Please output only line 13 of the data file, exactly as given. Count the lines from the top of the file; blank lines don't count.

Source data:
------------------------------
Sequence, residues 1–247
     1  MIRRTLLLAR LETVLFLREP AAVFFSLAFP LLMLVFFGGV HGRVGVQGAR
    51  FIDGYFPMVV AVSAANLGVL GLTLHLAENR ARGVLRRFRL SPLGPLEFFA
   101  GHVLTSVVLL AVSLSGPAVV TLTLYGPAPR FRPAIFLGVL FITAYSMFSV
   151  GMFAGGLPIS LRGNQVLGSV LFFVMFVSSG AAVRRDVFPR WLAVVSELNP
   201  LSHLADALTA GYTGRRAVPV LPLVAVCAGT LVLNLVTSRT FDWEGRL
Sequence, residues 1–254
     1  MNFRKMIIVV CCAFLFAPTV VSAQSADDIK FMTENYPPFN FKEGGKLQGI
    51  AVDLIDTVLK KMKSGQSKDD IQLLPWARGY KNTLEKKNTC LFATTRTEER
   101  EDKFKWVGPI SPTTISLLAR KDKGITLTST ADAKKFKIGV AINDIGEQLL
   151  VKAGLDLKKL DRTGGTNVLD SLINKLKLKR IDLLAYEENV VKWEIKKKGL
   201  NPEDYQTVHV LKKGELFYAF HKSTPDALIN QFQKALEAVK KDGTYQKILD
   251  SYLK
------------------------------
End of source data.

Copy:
   251  SYLK